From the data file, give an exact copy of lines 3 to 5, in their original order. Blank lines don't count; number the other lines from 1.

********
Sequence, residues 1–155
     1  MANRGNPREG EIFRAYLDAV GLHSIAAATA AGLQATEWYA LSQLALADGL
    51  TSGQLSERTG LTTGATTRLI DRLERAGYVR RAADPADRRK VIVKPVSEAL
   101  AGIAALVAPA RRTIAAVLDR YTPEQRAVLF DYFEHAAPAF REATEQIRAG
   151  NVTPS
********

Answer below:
    51  TSGQLSERTG LTTGATTRLI DRLERAGYVR RAADPADRRK VIVKPVSEAL
   101  AGIAALVAPA RRTIAAVLDR YTPEQRAVLF DYFEHAAPAF REATEQIRAG
   151  NVTPS